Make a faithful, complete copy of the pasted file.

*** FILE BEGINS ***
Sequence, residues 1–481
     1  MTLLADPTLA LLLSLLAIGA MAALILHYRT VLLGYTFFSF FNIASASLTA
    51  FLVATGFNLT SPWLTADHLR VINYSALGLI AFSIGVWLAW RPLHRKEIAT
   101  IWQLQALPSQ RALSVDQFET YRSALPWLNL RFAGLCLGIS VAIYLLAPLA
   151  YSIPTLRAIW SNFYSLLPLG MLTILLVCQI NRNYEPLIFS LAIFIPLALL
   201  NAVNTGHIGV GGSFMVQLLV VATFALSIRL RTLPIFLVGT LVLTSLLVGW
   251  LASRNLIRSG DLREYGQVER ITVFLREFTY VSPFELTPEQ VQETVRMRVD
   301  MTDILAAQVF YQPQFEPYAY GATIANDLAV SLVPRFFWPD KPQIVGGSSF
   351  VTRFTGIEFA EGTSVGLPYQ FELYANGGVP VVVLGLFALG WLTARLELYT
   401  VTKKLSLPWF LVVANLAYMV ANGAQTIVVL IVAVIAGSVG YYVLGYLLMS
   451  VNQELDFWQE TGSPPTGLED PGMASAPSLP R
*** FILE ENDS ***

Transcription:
Sequence, residues 1–481
     1  MTLLADPTLA LLLSLLAIGA MAALILHYRT VLLGYTFFSF FNIASASLTA
    51  FLVATGFNLT SPWLTADHLR VINYSALGLI AFSIGVWLAW RPLHRKEIAT
   101  IWQLQALPSQ RALSVDQFET YRSALPWLNL RFAGLCLGIS VAIYLLAPLA
   151  YSIPTLRAIW SNFYSLLPLG MLTILLVCQI NRNYEPLIFS LAIFIPLALL
   201  NAVNTGHIGV GGSFMVQLLV VATFALSIRL RTLPIFLVGT LVLTSLLVGW
   251  LASRNLIRSG DLREYGQVER ITVFLREFTY VSPFELTPEQ VQETVRMRVD
   301  MTDILAAQVF YQPQFEPYAY GATIANDLAV SLVPRFFWPD KPQIVGGSSF
   351  VTRFTGIEFA EGTSVGLPYQ FELYANGGVP VVVLGLFALG WLTARLELYT
   401  VTKKLSLPWF LVVANLAYMV ANGAQTIVVL IVAVIAGSVG YYVLGYLLMS
   451  VNQELDFWQE TGSPPTGLED PGMASAPSLP R